CLP: Over the years as I wrote dozens of other articles and books—histories, biographies, even encyclopedias—and ghosted half a dozen more, I kept poking away at the novel, revising a first draft, adding this piece here and that piece there. And as I did so, I would keep doing more research, till I had what I wanted. So, in quantity . . . I don’t know. I was a baby boomer, so I remembered the tail end of the fifties pretty well. In fact, the first thing I remember watching on the tube, as my parents called it, was the televised Army-McCarthy congressional hearings! So, a lot of the little details I simply recalled from a hapless childhood. But the steady research over a number of years bolstered my confidence that I could actually paint a true picture of the period.



TSM: Who are some of the authors you enjoy reading?

CLP: How to do this without sounding pretentious? I have a deep, abiding affection for Shakespeare, especially the tragedies, and I re-read them every couple of years, as I do the Dubliners and parts of Ulysses, but also Robert Parker and Raymond Chandler, and I anxiously await every new Michael Connolly, especially the Bosches. When I was younger, my perennial favorite writers were Joan Didion and Vladimir Nabokov. In the last year or so, the book I enjoyed most was Kevon Barry’s Night Boat to Tangier (a new rift on noir if there ever was one!); This year I thought the best book I read was Joshua Cohen’s The Netanyahus.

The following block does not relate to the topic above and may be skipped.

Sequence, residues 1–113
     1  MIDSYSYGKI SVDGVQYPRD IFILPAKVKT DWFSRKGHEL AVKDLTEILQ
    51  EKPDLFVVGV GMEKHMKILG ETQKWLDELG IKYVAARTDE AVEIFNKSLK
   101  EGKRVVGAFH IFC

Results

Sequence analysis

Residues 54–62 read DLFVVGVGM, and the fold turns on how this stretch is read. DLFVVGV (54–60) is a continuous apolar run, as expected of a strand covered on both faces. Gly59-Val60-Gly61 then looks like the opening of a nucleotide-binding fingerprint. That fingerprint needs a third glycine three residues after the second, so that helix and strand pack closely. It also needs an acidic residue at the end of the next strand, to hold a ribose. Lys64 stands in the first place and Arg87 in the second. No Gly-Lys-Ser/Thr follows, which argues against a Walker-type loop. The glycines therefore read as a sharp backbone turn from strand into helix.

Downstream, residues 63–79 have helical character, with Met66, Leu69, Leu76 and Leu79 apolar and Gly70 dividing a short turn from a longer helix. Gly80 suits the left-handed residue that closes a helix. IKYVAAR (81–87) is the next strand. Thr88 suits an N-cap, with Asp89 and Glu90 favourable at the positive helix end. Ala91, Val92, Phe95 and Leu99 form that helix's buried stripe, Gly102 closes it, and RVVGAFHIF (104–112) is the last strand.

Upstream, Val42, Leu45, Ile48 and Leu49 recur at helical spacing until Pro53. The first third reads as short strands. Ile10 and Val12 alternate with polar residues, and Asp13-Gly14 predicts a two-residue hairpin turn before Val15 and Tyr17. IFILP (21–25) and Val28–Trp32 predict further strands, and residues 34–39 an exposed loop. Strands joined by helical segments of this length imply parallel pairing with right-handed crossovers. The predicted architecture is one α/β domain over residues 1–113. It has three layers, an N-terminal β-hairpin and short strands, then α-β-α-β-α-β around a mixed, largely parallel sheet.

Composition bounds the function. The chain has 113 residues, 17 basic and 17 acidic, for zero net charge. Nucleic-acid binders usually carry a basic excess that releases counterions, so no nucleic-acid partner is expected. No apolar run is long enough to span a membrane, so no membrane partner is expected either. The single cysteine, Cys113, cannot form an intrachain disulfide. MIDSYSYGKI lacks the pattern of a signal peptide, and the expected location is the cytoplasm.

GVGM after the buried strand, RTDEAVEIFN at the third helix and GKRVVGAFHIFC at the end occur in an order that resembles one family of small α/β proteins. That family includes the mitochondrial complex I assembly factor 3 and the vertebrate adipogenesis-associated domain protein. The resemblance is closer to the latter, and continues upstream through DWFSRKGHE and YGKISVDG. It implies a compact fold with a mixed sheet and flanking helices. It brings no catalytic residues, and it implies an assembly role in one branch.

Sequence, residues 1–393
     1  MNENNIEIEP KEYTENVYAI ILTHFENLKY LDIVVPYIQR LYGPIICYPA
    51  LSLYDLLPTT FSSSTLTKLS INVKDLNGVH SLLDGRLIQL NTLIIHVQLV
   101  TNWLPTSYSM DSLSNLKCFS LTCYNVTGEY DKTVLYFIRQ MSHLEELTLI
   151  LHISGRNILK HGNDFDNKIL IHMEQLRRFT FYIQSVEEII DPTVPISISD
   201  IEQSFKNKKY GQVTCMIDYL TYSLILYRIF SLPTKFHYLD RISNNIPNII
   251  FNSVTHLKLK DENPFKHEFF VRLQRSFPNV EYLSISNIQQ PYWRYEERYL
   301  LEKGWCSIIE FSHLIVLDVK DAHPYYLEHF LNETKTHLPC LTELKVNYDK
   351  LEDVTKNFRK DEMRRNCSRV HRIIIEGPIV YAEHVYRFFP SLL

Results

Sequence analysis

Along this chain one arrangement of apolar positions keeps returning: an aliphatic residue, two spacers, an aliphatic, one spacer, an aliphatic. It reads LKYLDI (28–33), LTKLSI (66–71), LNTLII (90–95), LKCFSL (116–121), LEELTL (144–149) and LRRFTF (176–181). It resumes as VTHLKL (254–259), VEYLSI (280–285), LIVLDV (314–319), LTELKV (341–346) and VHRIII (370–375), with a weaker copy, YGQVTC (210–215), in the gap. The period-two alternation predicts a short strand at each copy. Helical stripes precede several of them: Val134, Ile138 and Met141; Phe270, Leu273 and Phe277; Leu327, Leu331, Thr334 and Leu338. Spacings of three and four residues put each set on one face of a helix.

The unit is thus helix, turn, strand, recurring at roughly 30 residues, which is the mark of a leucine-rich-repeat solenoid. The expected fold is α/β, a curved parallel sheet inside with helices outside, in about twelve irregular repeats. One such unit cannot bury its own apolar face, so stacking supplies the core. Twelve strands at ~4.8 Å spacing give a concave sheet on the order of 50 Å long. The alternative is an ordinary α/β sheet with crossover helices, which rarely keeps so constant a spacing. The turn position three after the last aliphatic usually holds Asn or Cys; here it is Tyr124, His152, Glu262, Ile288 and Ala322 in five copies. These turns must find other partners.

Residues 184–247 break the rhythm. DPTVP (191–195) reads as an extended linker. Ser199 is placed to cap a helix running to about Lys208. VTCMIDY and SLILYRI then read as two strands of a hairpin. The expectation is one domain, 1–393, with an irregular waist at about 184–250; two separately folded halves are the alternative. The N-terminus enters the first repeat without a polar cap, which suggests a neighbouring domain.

TSM:  Why will we never lose our thirst for political thriller?

CLP: It’s just such a form fit for our historical times, capturing both our obsession with politics and our dread of them. It offers both a window on the world in which we are living and, more subtly, an escape from it. In political thrillers, the assholes who run our world and ruin it, more often than not get what’s coming to them.


TSM: What are you working on now?

CLP: Another literary and historical political piece with noir elements, set in Alabama in Freedom Summer when the locals were burning buses filled with college kids and Freedom Riders, all of it interlaced (at least, I think), with the story of a black widow killing off her husbands, her relatives, and her children.  I’m leaning toward calling it Dry Blood, but who knows till it’s actually finished.